@Maude, as far as see from my test setups, there is no simple answer to your questions. The number and size of negatives and how they are cut makes a difference. Let’s have a look at a few things to consider:
If I had to scan large negatives like 4x5, I’d opt for a vertical setup. Wet scanning could be an option for the very best few images or if dry scanning were not good enough.
If all I had were uncut 120 and smaller films, I’d go for a setup that allows to change negatives easily. Have a look at my vertical setup which makes serial scanning easy.
Short strips of film work well in a film strip holder that fits the format of the negatives. The digitaliza holder works well, but it does so only with shorter strips. Strips of four 645 negatives need repositioning, which is annoying.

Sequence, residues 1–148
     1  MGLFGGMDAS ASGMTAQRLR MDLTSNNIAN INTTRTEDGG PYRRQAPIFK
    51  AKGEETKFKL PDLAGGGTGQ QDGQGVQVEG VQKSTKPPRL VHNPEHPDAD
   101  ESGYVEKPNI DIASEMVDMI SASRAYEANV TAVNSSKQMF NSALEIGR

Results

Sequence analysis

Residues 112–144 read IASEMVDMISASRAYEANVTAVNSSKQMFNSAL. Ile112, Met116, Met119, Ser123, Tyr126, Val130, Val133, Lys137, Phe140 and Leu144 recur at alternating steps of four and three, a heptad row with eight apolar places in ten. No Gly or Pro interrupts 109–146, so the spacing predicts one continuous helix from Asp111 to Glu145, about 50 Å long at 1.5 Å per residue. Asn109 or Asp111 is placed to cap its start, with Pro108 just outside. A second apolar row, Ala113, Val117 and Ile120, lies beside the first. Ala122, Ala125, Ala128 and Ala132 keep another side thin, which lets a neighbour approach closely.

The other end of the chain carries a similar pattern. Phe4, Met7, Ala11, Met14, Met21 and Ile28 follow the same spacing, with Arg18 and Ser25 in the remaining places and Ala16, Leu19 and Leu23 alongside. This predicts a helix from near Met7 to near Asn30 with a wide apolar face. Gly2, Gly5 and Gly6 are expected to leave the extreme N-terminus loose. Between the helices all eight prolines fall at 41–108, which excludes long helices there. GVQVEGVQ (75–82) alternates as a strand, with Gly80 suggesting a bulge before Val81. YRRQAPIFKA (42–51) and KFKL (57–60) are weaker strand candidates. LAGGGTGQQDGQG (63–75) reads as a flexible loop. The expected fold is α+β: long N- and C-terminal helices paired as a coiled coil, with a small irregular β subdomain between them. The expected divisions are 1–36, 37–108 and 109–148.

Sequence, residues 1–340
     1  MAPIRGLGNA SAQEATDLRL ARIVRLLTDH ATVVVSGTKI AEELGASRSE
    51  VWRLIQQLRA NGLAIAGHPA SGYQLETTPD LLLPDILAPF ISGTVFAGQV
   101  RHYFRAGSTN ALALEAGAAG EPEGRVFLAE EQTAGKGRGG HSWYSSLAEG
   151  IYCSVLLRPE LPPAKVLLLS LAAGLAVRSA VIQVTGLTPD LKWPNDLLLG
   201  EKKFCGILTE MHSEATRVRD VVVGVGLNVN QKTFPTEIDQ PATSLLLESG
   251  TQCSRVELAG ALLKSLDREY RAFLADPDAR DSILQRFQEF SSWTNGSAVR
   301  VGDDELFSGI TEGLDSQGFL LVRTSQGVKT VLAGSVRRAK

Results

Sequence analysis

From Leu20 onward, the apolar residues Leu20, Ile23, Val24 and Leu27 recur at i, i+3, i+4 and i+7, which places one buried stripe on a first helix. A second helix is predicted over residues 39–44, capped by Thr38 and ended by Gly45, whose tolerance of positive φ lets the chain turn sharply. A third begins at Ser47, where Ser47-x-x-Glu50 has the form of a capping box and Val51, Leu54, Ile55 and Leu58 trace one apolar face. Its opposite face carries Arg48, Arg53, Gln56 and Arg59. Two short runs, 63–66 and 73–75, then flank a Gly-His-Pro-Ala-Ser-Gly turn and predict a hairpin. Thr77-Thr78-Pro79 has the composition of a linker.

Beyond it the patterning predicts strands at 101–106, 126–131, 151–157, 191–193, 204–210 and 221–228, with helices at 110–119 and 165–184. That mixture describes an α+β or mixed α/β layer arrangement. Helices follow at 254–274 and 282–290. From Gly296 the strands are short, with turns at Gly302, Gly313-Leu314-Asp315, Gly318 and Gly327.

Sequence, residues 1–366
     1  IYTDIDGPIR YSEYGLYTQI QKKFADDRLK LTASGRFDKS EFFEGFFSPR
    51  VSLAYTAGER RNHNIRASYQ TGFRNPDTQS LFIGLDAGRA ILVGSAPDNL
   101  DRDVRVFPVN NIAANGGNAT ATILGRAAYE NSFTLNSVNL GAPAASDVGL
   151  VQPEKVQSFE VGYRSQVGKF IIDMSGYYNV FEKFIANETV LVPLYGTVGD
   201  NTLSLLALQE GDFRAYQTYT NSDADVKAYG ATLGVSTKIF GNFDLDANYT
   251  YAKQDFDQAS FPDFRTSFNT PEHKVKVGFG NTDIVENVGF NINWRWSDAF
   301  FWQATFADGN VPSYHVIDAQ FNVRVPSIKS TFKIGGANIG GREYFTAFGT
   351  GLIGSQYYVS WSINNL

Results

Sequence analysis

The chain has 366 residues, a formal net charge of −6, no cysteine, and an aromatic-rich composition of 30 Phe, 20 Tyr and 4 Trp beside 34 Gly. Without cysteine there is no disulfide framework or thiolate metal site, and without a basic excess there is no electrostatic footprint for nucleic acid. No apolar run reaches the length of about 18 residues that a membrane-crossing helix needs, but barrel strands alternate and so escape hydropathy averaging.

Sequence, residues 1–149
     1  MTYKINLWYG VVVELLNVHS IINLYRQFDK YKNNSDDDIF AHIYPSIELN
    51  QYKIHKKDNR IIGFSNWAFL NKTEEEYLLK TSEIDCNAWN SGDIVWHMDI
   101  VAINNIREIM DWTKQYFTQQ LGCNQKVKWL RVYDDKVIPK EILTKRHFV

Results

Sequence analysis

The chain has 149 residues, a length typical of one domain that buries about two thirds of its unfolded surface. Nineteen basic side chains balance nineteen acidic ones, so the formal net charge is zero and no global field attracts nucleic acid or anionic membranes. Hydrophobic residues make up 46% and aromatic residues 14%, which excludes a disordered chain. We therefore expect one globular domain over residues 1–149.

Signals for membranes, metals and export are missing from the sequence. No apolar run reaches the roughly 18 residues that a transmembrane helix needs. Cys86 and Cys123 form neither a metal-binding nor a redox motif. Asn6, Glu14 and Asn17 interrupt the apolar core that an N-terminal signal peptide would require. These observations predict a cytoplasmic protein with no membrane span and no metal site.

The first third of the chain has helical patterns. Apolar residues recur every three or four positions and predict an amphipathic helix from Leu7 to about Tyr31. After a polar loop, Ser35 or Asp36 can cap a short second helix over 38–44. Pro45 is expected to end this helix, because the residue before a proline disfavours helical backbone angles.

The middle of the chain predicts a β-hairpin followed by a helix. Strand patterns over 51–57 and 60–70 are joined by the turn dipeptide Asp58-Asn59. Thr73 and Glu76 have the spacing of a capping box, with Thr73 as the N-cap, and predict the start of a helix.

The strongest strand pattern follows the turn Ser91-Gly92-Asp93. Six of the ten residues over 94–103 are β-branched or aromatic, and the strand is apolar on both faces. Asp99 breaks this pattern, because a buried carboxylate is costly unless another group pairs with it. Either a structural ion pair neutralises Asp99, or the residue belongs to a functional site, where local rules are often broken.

A horizontal setup seems best for comfortable scanning because you can sit down and work with your head upright. No snaking around copy stand columns or tripod legs. Great for serial scanning.
A closed path between negative and camera looks like a very good idea because it eliminates stray light and creates a firm geometric coupling between negative and camera. Nothing moves around unless you want it to. A closed path allows for scanning during the day too. No need for a dim room or nightwork.
Tethering or no tethering? Tether if you can, it adds comfort.
Dust is omnipresent and a big pain.
All of the above are building blocks for your setup. See what you like best and what parts of the setup you have, can buy and what you can’t. This might tip the scale too. Your first setup does not have to be perfect. Start with what you have and see how far you get with it. You can always improve your setup later.
Does the above answer your questions? Probably not.